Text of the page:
A leaky air conditioner forces Gladys Portela to mop her tile floor before visitors arrive at her 14th-floor apartment in Miami’s Harry Cain Tower, one more problem in a public housing complex that’s been declared too broken down to fix.
Five years after residents voted down a Miami-Dade proposal to move to a different building so that Cain could be redeveloped, Portela and more than 100 neighbors are being forced to clear out under a health emergency tied to widespread mold contamination and floors laden with asbestos.
“When I moved here it was a perfect place to live,” said Portela, 60, from the center of her $178-a-month efficiency in the building that opened in 1984.
Now the Cuban-born vice president of the building’s tenant council can’t predict where she’ll move next. Miami-Dade’s housing agency notified residents Wednesday that it had to close the county-run Harry Cain Tower over health concerns. The county promised to help residents find subsidized apartment in the private market and offer counseling, cover moving expenses, utility hook-ups and pay for deposits at the new apartments.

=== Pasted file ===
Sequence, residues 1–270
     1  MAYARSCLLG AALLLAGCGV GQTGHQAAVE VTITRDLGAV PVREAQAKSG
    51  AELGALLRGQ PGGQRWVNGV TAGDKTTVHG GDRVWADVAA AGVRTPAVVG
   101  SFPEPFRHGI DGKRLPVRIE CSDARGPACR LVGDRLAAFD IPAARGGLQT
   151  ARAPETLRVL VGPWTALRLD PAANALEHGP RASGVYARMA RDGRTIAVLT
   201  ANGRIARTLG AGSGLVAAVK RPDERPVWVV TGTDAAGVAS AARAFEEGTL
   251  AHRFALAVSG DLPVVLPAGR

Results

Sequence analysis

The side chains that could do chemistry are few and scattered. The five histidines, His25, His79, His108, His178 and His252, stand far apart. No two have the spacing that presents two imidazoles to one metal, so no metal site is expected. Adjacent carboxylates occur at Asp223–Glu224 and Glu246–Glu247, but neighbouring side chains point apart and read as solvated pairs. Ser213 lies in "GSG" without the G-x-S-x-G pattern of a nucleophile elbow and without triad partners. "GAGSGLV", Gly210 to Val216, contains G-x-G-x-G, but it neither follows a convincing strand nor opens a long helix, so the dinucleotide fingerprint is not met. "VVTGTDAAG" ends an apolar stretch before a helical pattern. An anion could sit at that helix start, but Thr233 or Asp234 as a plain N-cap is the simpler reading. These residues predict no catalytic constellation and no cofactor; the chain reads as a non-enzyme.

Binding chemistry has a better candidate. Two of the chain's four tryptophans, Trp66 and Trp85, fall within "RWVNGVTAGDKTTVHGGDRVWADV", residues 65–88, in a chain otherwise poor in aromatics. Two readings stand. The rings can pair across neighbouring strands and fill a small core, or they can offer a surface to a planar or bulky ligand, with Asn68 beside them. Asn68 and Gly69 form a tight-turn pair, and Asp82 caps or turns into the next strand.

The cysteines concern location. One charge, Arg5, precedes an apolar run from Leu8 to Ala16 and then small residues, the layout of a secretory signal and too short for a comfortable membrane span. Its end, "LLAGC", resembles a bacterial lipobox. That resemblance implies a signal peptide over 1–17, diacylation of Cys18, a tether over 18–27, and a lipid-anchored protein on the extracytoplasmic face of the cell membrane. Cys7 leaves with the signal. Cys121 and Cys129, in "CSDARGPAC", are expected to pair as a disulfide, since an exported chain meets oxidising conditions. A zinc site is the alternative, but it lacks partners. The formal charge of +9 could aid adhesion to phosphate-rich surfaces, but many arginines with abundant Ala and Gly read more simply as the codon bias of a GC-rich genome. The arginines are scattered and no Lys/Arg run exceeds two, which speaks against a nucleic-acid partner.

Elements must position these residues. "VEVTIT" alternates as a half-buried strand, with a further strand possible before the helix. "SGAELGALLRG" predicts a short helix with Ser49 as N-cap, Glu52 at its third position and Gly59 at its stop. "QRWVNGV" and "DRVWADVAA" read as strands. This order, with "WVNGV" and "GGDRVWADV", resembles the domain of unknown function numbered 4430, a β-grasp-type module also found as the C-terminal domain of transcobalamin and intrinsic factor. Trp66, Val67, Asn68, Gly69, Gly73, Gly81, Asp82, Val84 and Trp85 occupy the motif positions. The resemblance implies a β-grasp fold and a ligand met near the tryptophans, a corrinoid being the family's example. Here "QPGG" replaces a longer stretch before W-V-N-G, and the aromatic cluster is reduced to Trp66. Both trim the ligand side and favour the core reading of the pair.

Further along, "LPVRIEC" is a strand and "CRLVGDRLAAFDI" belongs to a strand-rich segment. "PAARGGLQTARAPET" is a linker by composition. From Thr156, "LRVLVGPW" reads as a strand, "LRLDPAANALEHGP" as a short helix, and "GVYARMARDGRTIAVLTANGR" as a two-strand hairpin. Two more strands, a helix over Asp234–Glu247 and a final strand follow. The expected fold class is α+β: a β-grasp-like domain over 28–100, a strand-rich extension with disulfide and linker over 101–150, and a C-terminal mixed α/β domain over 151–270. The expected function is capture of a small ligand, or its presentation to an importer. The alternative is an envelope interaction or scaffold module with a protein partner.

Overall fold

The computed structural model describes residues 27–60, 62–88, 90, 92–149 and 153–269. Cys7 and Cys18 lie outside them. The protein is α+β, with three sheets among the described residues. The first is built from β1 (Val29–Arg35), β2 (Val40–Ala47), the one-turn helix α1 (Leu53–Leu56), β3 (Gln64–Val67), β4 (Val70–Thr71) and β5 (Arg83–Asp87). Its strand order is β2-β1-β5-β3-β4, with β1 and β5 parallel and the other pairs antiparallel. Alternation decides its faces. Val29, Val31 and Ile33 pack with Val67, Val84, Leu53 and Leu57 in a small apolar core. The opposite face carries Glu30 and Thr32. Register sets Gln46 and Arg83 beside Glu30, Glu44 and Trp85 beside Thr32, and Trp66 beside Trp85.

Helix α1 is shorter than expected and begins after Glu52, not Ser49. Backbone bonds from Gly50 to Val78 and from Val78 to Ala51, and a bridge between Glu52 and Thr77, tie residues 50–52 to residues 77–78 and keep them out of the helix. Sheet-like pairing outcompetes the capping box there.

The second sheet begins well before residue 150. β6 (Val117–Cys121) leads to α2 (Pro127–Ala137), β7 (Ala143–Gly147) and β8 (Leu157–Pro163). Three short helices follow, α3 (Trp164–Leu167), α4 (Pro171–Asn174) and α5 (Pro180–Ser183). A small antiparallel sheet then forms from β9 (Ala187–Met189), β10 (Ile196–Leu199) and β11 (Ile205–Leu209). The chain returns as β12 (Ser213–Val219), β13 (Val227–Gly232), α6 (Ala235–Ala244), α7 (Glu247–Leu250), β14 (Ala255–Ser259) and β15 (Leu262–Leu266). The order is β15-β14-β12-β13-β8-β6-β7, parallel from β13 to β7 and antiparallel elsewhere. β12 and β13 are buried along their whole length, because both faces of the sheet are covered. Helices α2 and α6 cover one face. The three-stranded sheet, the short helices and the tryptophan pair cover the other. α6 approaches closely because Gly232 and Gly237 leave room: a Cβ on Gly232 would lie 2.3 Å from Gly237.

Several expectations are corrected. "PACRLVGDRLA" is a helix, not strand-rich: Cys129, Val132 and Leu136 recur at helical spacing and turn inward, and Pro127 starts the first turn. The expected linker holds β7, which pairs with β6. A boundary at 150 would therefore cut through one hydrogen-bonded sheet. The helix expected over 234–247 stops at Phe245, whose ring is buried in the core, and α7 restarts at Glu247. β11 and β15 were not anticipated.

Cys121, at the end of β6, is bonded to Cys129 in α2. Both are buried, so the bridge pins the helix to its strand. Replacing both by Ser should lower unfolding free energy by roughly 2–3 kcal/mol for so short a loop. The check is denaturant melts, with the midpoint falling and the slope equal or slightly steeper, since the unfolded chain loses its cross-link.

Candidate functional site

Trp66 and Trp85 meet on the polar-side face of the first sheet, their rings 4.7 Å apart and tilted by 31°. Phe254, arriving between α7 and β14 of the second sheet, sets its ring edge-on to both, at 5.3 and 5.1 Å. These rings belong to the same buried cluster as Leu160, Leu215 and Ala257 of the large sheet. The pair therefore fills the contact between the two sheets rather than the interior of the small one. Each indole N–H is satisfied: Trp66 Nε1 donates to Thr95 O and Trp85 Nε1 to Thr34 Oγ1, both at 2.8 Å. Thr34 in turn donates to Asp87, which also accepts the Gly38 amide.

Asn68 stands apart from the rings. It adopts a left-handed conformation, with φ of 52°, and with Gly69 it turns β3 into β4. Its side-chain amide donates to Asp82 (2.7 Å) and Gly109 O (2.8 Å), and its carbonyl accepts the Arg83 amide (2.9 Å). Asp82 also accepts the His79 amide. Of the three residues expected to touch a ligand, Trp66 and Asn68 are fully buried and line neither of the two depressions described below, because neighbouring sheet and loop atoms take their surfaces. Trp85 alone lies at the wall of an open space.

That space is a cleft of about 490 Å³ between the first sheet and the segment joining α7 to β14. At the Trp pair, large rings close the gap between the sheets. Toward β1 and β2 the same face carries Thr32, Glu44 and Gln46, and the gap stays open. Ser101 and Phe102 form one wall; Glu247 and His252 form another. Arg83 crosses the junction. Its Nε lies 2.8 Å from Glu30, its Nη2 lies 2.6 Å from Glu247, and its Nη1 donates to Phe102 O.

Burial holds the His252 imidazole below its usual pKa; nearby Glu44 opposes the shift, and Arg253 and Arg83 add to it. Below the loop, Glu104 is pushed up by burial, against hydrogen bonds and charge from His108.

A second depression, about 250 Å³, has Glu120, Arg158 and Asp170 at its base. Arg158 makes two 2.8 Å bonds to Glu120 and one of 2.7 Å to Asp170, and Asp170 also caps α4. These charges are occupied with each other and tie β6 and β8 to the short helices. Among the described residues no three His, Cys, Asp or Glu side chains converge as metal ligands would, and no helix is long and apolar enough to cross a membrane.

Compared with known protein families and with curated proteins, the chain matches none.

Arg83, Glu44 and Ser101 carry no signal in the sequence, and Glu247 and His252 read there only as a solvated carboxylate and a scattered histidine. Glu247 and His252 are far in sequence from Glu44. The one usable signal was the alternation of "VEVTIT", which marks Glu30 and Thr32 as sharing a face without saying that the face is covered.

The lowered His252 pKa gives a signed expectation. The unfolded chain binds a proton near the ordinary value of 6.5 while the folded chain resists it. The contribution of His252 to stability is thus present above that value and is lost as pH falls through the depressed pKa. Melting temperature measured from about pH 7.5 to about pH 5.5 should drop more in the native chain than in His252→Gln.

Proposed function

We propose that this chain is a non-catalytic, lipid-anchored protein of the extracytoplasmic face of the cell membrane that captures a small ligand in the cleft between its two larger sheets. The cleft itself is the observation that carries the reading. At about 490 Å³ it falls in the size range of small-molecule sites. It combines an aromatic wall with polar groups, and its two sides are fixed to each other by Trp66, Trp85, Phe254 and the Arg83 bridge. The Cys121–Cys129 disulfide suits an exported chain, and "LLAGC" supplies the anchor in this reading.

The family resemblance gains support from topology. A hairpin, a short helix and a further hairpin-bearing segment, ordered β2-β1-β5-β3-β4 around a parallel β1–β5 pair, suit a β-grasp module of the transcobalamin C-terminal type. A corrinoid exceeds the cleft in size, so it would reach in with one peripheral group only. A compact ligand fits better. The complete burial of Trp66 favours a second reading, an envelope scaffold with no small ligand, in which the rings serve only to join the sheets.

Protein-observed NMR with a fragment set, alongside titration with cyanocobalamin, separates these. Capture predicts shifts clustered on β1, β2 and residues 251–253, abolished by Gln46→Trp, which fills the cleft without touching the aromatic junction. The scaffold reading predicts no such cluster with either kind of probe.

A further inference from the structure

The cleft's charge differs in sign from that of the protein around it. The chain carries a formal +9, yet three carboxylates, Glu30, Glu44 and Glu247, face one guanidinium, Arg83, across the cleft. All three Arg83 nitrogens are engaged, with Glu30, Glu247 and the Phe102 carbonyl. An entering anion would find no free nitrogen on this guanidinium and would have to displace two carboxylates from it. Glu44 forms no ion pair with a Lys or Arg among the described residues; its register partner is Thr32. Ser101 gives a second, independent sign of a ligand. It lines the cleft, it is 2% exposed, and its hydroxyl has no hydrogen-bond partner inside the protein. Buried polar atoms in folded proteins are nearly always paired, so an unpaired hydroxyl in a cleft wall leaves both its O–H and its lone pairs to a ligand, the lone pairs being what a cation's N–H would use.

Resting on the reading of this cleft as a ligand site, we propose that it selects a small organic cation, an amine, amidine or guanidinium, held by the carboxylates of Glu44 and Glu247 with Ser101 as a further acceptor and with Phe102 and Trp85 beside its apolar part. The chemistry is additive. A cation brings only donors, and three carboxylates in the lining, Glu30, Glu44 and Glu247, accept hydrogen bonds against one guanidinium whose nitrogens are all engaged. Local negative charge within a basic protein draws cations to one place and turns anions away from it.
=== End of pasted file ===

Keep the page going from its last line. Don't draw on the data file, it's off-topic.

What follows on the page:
County housing director Michael Liu said the drastic move was unavoidable once inspectors last month confirmed that long-running problems with the building posed health risks and required lengthy, expensive repairs to be eliminated. One estimate of a full upgrade of the building put the price at $19 million.
“This is not an easy thing. We know that,” Liu said of requiring residents, most of them considered seniors, to leave their homes. “It’s not a healthy place.”